What a Daylight Trade?

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  • Written By: Malcolm Tatum
  • Edited By: Bronwyn Harris
  • Last Modified Date: 05 September 2019
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Daylight trades are simply trading activity that involves the purchase and the sale of the same security within a single trading day. An investor may buy a given security in the morning, only to sell that same security in the afternoon. This type of short sale and cover activity is sometimes used to take advantage of a short-term upswing in the value of a given security that is not anticipated to last.

Sometimes referred to as a day trade, the daylight trade is one of the strategies utilized when an investor wants to get in, make a quick profit, and get out. Typically, the process involves identifying a security or securities that are expected to rise substantially in value during the course of the day. The investor will buy early in the day, before the price per share begins to take off. Throughout the course of the day, the investor will monitor the progress of the securities and hopefully identify the peak price that will post for the day.

At a point where the investor believes the security as reached its maximum price before beginning to descend again, he or she will initiate the sale portion of the daylight trade. The sale will go through sometime before the end of the same trading day in which the purchase was made. While the investor may have held onto the security for no more than a few hours, a profit is usually realized from the purchase and quick sale.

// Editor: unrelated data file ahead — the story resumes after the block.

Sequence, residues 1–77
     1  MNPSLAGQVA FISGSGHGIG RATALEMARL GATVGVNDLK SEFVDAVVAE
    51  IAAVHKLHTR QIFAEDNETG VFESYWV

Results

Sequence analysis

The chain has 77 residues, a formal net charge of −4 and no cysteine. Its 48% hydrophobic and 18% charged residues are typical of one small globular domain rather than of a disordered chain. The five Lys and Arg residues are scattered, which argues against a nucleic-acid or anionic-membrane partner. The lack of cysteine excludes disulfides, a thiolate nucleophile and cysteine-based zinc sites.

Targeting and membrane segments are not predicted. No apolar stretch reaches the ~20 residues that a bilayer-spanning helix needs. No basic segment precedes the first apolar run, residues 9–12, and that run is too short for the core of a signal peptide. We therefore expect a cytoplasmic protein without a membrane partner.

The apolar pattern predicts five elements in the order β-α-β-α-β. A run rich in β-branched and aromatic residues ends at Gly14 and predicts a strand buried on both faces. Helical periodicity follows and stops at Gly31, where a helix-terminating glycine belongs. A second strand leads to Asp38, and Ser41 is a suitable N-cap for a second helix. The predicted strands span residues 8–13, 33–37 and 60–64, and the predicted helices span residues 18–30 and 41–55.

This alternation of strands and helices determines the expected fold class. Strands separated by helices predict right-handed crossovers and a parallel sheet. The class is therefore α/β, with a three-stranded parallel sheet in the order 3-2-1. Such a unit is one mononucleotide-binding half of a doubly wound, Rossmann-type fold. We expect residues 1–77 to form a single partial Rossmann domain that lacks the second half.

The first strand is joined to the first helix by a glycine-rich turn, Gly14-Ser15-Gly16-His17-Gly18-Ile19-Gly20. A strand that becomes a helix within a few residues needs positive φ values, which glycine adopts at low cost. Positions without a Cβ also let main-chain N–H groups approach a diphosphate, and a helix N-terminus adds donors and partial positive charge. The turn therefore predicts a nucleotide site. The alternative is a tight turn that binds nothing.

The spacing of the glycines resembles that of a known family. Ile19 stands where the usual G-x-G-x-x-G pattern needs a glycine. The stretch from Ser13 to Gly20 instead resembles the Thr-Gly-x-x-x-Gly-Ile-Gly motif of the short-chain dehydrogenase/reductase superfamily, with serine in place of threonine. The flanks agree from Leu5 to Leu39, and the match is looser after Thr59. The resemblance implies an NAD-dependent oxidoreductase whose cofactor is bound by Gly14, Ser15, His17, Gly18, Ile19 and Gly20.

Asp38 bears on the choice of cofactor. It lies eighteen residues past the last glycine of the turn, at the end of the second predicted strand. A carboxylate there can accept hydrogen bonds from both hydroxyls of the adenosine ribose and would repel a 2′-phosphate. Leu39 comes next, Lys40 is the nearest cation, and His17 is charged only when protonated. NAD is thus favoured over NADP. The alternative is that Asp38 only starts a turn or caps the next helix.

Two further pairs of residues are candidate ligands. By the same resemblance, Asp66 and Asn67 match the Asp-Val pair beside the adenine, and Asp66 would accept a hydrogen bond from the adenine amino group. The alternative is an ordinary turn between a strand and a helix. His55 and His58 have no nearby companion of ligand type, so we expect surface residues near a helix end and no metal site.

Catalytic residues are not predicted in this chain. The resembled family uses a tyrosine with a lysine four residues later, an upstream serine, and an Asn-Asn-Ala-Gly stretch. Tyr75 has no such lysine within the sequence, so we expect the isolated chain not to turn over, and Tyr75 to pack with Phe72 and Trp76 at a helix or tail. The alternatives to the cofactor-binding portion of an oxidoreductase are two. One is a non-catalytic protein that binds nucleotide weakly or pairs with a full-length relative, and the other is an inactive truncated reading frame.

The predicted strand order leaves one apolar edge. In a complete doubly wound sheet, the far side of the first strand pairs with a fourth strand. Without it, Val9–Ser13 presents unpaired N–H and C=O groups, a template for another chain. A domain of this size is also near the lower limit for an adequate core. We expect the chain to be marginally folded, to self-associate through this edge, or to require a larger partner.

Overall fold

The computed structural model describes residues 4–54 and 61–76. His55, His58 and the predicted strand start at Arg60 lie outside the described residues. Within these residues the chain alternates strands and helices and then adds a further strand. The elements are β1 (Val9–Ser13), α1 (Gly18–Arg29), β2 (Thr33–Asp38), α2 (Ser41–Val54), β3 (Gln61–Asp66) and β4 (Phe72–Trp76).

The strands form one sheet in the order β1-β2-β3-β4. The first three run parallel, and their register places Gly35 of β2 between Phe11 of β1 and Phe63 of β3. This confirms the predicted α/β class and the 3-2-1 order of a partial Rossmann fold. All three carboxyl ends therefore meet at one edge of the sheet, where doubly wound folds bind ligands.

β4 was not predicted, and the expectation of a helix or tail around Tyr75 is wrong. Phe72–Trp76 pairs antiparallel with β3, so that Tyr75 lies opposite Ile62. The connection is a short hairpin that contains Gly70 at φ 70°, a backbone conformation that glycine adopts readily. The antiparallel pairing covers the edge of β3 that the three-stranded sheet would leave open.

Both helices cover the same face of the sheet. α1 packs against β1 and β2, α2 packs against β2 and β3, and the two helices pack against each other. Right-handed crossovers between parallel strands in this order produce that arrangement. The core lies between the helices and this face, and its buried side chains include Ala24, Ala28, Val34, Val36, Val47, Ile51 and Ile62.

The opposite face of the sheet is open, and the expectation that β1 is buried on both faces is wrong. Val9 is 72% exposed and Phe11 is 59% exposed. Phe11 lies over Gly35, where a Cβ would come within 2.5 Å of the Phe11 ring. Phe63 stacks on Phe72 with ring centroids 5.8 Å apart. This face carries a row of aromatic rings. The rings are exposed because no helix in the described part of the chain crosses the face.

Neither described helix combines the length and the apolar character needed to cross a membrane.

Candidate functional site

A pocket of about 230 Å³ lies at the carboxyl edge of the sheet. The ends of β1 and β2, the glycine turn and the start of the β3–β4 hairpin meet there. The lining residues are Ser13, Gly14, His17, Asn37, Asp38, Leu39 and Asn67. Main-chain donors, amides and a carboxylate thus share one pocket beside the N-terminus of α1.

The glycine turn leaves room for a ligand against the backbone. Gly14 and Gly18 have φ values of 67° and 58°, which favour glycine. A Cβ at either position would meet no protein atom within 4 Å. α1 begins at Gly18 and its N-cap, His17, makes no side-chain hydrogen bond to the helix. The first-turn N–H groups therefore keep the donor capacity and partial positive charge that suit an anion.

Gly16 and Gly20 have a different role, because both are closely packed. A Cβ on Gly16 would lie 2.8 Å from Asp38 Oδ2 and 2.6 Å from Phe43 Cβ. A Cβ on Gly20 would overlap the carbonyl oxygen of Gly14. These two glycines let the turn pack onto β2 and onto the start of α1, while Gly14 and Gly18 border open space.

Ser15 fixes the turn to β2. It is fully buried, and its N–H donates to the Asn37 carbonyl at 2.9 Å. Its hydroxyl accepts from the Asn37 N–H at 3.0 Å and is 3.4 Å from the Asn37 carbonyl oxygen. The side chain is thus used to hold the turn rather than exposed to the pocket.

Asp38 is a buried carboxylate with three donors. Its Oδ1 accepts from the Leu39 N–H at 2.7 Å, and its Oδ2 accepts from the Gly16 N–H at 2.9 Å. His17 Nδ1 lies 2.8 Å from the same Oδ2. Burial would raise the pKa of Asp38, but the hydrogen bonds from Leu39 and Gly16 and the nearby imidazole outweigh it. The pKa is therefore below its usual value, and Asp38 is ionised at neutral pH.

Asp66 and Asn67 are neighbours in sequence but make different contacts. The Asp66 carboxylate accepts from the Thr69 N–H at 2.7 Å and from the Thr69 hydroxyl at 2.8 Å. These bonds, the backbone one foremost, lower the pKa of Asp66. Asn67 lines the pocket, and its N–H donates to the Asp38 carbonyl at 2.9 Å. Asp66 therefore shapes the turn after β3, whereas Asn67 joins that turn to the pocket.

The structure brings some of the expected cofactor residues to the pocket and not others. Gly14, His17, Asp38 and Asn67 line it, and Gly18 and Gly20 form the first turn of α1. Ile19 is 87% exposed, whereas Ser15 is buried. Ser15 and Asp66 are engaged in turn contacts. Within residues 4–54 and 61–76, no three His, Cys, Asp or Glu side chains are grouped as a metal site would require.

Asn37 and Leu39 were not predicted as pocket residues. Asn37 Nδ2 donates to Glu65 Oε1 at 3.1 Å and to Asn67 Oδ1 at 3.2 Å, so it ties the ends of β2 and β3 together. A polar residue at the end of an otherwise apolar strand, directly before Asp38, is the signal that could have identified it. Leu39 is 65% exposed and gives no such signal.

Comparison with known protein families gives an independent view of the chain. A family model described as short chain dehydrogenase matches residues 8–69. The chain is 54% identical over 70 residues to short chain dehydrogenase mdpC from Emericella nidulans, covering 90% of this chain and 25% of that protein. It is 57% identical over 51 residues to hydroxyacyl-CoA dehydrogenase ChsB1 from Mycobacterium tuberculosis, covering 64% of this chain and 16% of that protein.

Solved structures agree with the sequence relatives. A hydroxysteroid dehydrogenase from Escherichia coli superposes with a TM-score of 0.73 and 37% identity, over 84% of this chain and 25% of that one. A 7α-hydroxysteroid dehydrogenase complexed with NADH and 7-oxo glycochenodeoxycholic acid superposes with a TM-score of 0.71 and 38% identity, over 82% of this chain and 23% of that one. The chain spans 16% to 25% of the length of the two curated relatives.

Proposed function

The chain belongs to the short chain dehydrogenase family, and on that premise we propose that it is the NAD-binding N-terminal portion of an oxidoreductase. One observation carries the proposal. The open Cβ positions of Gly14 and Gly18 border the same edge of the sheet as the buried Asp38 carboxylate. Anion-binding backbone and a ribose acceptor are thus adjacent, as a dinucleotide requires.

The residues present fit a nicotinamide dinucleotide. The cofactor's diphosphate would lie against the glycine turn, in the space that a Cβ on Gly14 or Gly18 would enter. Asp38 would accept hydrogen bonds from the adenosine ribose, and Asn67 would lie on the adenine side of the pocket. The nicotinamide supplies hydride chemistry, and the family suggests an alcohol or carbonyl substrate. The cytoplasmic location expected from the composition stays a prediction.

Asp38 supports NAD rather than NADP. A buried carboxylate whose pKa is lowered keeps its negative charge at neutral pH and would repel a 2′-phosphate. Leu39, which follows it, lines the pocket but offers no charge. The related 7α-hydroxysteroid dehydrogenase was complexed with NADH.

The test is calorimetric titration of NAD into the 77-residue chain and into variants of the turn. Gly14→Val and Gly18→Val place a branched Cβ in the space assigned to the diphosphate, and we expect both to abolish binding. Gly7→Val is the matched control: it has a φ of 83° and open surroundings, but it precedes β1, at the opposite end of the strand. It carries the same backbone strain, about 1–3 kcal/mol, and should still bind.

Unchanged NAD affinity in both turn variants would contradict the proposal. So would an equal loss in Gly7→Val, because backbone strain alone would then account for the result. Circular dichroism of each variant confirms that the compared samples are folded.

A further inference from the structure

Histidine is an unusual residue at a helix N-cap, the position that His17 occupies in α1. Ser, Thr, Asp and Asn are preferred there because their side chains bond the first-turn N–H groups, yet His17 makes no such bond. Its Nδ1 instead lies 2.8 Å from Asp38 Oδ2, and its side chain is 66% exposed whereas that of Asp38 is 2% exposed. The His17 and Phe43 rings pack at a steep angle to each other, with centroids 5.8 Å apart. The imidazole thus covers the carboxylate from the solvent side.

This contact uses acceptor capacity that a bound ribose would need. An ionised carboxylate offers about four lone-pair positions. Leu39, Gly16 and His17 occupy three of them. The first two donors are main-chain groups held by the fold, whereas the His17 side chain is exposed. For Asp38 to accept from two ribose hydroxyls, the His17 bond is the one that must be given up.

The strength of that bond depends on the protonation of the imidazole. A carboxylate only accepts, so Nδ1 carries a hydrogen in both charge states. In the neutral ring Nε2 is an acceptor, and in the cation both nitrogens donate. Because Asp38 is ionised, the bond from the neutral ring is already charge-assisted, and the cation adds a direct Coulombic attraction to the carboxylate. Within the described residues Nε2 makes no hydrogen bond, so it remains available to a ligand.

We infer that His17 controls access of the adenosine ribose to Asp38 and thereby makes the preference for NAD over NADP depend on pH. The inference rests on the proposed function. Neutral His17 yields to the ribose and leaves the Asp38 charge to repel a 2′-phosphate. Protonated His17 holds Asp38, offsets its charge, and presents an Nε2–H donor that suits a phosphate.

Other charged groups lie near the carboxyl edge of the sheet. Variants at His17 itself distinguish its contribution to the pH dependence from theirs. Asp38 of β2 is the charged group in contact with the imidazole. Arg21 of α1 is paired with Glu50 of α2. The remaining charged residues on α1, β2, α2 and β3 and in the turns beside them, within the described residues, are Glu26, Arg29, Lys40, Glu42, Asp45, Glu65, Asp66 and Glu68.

The daylight trade is a common strategy for making a quick profit. The key task is identifying securities that are expected to bounce for a short time only. This bounce may be caused by something happening in the industry of the issuing corporation, or some other factor such as a natural disaster or a shift in political situations within a given country. Accurately anticipating both the event and the subsequent impact on the performance of the security is essential to making a profitable day trade.

Many brokers are open to conducting a daylight trade for a client. In fact, it is not unlikely that a broker may identify projected activity for a given security that indicates a day trade is in order and pass the information on to interested clients. The brokerage may also be utilized by the investor to put in place an order to execute the sale of the acquired security either at a specific time in the afternoon or when the price of the security reaches a certain point, whichever comes first. This added convenience can make the daylight trade a viable strategy even for investors who do not have time to monitor the trading activity during the course of the day.


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